As Freedom Day arrives in England, more business as usual is returning to the House of Commons. 1 July saw a long awaited debate in the House about retirement communities and villages, focusing on how they have weathered the Covid-19 storm and horizon scanning for their future, writes Victoria Hughes-Barker.
Members praised the response of communities and villages for their work during the pandemic in keeping their residents and communities safe in what can only be described with the now overused phrase “unprecedented times”.
The House highlighted the findings of the RE-COV research project, which looked at the response of communities and villages during the pandemic and whose statistical evidence shows that retirement villages have dealt with Covid-19 in a safer way than other, comparable facilities. Without laying any criticism on traditional models of care, one member described retirement communities and villages “as a real model for how care can be provided”.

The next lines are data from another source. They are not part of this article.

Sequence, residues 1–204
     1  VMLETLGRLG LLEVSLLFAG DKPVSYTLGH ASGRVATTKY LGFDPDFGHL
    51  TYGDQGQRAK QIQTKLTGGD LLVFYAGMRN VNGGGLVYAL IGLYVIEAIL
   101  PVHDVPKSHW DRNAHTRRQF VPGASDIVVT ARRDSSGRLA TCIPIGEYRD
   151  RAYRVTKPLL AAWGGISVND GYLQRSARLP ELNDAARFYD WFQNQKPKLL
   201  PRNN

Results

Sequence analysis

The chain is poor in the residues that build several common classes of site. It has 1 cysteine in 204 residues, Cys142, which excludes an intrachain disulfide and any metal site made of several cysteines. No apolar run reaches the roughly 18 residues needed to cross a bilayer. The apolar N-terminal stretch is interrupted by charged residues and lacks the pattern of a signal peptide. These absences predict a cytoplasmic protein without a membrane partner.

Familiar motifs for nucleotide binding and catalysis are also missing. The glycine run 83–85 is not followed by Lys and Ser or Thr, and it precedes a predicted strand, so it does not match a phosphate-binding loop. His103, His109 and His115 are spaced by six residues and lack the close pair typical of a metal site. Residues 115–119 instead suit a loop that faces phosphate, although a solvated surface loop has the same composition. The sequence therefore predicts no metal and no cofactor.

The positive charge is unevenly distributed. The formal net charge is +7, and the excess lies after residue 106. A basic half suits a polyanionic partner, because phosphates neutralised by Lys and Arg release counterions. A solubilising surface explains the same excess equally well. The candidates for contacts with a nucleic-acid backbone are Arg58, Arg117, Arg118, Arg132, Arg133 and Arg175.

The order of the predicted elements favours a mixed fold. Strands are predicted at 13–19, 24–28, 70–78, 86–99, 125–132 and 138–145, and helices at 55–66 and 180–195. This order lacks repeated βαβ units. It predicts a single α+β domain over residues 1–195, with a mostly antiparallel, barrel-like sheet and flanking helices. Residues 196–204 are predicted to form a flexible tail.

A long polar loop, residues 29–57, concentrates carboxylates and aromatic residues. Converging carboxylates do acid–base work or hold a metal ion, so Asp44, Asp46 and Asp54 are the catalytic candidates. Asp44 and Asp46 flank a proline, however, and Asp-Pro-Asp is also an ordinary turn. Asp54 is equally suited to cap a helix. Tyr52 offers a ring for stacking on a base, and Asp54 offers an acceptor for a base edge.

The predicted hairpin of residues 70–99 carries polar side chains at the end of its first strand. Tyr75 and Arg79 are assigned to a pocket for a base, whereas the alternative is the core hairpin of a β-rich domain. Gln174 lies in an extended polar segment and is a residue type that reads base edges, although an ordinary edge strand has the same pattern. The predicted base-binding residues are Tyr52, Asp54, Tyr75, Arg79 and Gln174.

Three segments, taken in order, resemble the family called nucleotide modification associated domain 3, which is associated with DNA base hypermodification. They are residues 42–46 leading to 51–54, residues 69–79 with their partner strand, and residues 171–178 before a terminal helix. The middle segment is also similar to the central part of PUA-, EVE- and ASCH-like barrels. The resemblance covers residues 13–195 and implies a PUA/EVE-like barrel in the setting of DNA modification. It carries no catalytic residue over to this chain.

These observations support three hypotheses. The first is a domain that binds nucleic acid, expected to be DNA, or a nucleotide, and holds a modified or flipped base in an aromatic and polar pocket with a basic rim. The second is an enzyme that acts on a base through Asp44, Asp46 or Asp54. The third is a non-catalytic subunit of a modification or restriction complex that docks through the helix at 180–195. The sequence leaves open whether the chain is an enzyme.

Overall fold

This news will be music to the ears of ARCO (the Association of Retirement Community Operators), which was mentioned in dispatches and has been campaigning for the government to set up a cross-government taskforce for a number of years to look at the legislative framework for communities and villages.
As noted in the House – and what is old news to those in the sector – there are three things holding back the development and further expansion of specialist housing for older people:
- sector-specific legislation (to give consumers confidence and to regulate the relationship between providers and residents)
- clarity in the planning system (by the introduction of a clearly defined category of housing-with-care to enable development)
- funding options for affordable housing-with-care provision (with the government supporting communities and villages as an option for all older people and not just those with equity in their family home to dispose of)
The debate in the House has now been entered into parliamentary records but only time will tell whether ARCO’s well-worn record of a call for government-led change will bring about something of substance.
Victoria Hughes-Barker is senior associate at Mills & Reeve